The third way is to create your own software company at night or, alternatively, contribute to open source projects. Selenium, the popular web-testing framework, actually started as personal project to automate testing of the open source billing and expenses tool that Jason Huggins was working on at ThoughtWorks. The billing and expenses application is long gone, but Selenium led Jason to a job at Google and later became the technical cornerstone behind the company he started, Sauce Labs. At Sauce, Jason may have quite a few worries, but I doubt that his employment tops the list.
Advice for Testers
My general advice for testers is to look for transfers within a company to something that is at least new to them. It might be customer service management, recruiting, development management, or project management. If they want to stay in testing at one company, I would look into either becoming a subject matter expert or, possibly, becoming closer to the programmers and thereby more valuable. That might mean writing code, but, more likely, it will mean learning to read code diffs and knowing enough about those changes to predict which features will be impacted by a code change. A final option is to specialize within testing, in performance, security, or possibly internationalization testing.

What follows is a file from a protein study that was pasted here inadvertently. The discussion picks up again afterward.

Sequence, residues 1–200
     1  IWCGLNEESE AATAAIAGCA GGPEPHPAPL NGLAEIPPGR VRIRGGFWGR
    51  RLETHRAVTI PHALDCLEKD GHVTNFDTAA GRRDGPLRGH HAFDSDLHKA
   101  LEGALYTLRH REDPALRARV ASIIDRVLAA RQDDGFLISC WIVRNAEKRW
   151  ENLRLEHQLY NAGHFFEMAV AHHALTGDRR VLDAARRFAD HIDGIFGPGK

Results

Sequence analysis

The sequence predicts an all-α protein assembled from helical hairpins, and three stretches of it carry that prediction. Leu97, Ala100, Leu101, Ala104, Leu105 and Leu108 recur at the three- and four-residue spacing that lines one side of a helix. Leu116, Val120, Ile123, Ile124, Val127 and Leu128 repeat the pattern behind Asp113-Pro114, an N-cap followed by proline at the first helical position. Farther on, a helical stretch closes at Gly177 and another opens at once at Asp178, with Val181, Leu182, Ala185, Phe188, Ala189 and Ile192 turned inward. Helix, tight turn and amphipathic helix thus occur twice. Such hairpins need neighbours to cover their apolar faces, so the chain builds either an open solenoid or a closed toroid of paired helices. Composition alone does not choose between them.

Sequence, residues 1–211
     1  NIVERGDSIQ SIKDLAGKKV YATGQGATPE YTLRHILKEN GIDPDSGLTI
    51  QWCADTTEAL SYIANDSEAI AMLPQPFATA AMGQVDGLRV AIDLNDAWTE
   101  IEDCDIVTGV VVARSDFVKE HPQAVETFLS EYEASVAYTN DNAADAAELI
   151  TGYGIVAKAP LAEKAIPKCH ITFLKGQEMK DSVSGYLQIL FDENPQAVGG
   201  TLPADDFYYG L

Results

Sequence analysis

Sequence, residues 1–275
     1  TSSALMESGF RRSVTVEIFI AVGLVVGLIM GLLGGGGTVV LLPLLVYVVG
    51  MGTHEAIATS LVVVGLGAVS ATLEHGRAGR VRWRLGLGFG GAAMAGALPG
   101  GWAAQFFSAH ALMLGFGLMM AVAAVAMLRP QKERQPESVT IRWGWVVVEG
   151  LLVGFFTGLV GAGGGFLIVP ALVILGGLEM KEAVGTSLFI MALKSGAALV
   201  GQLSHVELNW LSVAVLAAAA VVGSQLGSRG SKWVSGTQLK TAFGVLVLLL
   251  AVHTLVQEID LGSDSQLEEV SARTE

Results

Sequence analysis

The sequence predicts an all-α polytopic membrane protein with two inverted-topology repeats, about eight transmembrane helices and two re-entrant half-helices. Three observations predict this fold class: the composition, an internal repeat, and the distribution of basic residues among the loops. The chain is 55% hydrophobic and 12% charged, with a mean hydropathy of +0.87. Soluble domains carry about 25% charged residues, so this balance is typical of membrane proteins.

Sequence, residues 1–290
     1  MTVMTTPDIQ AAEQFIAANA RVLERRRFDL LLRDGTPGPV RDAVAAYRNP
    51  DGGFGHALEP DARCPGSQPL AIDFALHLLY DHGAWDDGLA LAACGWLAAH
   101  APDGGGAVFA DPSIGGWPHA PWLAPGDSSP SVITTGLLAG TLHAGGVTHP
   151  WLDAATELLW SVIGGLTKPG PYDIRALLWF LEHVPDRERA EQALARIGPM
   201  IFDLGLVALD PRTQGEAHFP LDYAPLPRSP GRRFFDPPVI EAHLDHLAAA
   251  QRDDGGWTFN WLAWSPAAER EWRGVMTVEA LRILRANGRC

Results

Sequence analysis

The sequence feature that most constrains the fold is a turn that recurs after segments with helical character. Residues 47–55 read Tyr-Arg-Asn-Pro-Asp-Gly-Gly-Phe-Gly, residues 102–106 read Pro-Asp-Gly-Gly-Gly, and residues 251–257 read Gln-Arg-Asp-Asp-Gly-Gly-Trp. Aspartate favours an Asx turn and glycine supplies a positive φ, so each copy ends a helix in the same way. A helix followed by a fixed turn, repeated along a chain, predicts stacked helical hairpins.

Planning for Change
"Responding to change" is a theme of extreme programming. How we react to change establishes who we are. It determines our destiny.
Instead of picking one thing to do, you might make a small list of six things that you could do, along with an experiment to find out if that sort of work is for you. If you plan experiments and revise the plan every three to six months, in two years you might find out that you are qualified for several jobs. Then, the problem will be in deciding which one to pursue.
Come to think of it, that's a pretty good problem to have, isn't it?